Resistance stiff outside the Anglosphere: Governments of France and Germany taking a stand
Résumé en anglais
The copyright lawsuits against the US Internet giant Google created a stir beyond the Atlantic. Opposition is mounting in non-anglophone countries with some governments taking a legal stand. The Federal District Court of New York, reviewing the settlement proposal, delayed the hearing originally planned for October 7.
Dr. Jean-Noël Jeanneney, the author of Quand Google défie l'Europe : Plaidoyer pour un sursaut (Japanese translation available from Iwanami Shoten) and the former President of the Bibliothèque nationale de France, was invited to Japan by the National Diet Library, giving a lecture at its Tokyo Main Library on September 15.
Dr. Jeanneney criticized the attitude of Google. “Although digitization is vitally important, Google arrogantly pressed on with the digitization project without agreements from the authors.” He was also apprehensive about cultural monopoly by Google. “They seemingly offer diversity, but no, that’s wrong. The future of cultures should never be entrusted to a private corporation which lives off advertising. They will cut out things that require long-term vision to protect.”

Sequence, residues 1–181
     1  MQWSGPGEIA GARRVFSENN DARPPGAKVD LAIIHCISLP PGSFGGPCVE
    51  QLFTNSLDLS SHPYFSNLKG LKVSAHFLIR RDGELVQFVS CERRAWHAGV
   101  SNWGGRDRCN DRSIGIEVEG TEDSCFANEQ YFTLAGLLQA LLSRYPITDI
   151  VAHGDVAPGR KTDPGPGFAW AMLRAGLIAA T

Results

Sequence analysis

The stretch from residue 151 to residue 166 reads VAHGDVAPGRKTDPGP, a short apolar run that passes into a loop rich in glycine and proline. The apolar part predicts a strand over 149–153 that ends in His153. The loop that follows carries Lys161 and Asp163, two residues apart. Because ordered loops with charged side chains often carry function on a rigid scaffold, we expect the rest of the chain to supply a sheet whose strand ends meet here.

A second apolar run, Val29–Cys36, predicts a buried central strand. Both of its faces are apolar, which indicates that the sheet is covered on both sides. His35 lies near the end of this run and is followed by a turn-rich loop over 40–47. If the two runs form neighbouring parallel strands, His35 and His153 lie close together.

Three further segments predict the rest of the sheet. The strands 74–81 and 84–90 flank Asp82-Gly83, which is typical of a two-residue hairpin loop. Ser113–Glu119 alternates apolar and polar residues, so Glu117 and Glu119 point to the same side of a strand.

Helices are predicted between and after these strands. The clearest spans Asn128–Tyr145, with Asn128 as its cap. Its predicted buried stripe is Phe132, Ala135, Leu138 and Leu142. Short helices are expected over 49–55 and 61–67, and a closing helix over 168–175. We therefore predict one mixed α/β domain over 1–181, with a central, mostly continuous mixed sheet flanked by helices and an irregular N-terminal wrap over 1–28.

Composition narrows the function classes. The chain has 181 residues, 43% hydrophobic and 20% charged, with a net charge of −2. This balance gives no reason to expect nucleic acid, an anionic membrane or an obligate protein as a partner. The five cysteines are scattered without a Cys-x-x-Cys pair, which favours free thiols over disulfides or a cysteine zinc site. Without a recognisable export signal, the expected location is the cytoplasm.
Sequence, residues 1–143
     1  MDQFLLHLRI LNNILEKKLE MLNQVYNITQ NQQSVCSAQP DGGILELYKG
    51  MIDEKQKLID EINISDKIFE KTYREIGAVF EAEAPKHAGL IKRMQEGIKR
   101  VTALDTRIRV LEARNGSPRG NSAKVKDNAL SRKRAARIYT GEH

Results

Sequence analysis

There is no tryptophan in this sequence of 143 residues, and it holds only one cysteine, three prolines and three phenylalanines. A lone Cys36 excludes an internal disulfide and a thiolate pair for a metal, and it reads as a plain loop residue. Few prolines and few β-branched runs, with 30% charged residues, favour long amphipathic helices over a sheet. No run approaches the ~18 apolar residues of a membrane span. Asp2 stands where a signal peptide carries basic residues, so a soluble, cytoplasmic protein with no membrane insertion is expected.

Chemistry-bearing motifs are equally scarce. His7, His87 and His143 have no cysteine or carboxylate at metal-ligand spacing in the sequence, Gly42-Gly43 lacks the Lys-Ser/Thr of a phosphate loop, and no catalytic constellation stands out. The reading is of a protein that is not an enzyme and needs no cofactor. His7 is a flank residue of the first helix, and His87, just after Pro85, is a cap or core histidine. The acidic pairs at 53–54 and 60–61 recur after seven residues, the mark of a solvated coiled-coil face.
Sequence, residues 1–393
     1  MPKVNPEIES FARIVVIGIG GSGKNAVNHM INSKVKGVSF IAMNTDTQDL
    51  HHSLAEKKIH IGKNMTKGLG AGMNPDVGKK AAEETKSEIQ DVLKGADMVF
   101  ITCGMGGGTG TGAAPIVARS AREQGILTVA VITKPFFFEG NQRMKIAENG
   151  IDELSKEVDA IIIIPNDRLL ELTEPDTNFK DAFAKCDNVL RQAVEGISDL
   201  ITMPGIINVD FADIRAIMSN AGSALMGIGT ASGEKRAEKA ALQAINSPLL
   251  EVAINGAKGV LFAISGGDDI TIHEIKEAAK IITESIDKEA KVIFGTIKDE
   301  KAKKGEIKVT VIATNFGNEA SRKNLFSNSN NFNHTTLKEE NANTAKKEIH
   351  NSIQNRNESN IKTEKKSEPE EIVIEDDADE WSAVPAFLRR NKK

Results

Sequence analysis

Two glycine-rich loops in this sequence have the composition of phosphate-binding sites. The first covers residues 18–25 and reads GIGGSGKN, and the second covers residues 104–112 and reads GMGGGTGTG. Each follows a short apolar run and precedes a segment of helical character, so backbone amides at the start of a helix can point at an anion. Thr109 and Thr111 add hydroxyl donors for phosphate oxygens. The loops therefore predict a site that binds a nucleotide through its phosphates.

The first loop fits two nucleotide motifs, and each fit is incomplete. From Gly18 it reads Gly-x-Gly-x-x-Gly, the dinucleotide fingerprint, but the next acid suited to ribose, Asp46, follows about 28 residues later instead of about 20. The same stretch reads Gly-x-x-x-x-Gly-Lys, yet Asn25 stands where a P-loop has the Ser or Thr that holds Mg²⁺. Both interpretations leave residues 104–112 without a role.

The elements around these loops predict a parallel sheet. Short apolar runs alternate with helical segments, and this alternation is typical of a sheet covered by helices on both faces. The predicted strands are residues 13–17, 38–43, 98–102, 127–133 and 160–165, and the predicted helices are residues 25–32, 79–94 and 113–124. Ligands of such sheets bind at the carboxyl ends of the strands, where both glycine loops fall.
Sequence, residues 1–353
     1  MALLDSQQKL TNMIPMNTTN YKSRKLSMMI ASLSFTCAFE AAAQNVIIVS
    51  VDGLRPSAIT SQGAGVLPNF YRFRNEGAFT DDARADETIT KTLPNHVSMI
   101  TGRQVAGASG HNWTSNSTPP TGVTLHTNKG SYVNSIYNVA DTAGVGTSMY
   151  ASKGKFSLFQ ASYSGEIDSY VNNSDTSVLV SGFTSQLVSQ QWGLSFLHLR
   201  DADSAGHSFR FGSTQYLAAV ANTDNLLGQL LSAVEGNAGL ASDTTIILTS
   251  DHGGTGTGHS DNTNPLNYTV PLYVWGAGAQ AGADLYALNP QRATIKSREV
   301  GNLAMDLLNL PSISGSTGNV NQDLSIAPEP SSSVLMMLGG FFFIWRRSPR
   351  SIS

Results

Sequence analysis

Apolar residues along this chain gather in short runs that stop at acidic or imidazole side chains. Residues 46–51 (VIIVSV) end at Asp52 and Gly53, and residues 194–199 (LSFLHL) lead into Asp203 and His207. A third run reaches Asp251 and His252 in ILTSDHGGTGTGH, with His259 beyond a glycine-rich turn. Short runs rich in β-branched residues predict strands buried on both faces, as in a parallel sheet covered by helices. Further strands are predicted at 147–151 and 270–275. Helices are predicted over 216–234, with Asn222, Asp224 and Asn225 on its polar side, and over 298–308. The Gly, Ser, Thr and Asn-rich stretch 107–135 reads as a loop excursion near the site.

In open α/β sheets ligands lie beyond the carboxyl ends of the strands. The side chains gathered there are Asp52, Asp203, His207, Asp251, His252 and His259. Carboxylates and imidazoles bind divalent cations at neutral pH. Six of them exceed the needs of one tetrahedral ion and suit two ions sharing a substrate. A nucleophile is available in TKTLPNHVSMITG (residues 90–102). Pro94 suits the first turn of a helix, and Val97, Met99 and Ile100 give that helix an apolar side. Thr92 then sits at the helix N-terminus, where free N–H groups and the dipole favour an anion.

According to Dr. Jeanneney, resistance to the settlement proposal is stiff in European countries such as France, Germany, Italy and Belgium. The United Kingdom, on the other hand, is taking a wait-and-see approach to the matter.
The governments of France and Germany submitted their opinions to the US Federal Court, making their opposition clear. The US Department of Justice expressed a view that it would like to see several modifications made in the proposed settlement, pointing out such unsettled issues as consideration for foreign copyright holders. Faced with domestic and foreign concerns, the Federal District Court decided to postpone the hearing.